Mom made turtle soup up until her last year or two, and I helped her those years.  The kettle became too heavy for her to lift.  I have her kettle too.

I miss the turtle soup. I’ve never made it alone.  The memory always seemed too raw, but the turtle soup craving is just about to overtake the painful memories and this just might be the year.  I can freeze it and have lunches for months.  There is no one left to give it to as a gift.

Yes, I think I’ll make turtle soup for Christmas this year!  Maybe my grandkids will like it.

Update:  I made the turtle soup and it came out simply wonderful.  Mom would be proud. You can’t make a little bit of this recipe, so I’ll be freezing it and having it for lunches all winter!!  In a way, I’ll be having lunch with Mom.

Turtle soup pot 2

As I look at the holiday traditions, mostly the food, they are full of cultural memories and hidden information.

However, one of the very best gifts that my mother ever gave me was to agree to test her DNA.  Seldom a day goes by that I don’t silently thank her – and I’m not being facetious – I’m dead serious.

By having Mom’s and my DNA both, I can tell when someone matches me autosomally, immediately, onto which side of the family they fall. If they match me and Mom both, then obviously they are from her side.  From there, they often fall into the Acadian, Brethren or Dutch Mennonite groups.  So, in one fell swoop, I can often categorize my matches to three or 4 generations.  That’s a wonderful gift.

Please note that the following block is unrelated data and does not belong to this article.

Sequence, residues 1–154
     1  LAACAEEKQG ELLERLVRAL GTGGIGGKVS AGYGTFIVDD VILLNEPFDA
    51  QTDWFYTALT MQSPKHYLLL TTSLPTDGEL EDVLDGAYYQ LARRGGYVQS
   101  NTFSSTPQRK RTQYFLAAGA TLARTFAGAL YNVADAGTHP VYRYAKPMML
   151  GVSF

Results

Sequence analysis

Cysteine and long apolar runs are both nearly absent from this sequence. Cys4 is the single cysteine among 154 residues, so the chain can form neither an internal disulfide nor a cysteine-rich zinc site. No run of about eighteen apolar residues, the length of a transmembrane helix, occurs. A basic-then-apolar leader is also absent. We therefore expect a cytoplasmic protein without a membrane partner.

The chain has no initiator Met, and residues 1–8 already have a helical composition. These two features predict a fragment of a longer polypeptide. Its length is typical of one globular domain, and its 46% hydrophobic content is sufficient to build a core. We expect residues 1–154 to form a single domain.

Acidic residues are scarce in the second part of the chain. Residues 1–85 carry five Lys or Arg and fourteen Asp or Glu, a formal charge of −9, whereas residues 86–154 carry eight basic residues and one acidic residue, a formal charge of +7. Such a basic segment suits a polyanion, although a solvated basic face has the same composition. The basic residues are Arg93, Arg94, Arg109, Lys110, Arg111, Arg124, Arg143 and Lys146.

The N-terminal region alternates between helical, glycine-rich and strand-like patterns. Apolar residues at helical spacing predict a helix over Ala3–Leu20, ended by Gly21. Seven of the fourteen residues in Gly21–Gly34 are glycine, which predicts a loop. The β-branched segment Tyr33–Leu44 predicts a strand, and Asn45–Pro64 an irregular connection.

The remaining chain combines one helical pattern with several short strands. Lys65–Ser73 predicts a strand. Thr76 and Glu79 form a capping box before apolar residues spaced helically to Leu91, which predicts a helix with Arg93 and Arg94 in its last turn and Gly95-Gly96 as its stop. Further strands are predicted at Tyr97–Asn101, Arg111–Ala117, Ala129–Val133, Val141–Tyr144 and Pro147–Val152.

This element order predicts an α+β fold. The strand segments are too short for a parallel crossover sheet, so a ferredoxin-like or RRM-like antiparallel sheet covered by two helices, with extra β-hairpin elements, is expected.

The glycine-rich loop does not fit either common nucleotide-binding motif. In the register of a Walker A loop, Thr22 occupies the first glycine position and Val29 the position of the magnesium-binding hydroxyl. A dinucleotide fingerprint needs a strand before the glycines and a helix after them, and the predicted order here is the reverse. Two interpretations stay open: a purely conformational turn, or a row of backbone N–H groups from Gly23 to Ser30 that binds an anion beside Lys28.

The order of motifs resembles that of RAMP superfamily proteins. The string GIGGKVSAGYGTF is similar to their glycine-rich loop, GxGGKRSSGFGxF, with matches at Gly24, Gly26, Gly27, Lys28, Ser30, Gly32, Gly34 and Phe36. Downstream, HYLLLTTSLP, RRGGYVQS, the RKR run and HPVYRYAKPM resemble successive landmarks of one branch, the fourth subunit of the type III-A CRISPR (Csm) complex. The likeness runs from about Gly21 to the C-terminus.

Not only that, but her DNA is going to keep on giving, to her grandchildren and great-grandchildren.

This Christmas, we’re starting another tradition.  We’re testing my grandchildren too – they’ll all be swabbing on Christmas Day – and thanks to Mom, we will have 4 generations of DNA to work with.  My grandchildren are going to grow up knowing about their culture, about traditions, about their ancestors, and yes, about their DNA.  Mom’s DNA and the information it provides will be available to her descendants into perpetuity.  Truly, the gift that keeps on giving – forever.

Thanks Mom.


Mom's stone

Chromosome Browser War

There has been a lot of discussion lately, and I mean REALLY a lot, about chromosome browsers, the need or lack thereof, why, and what the information really means.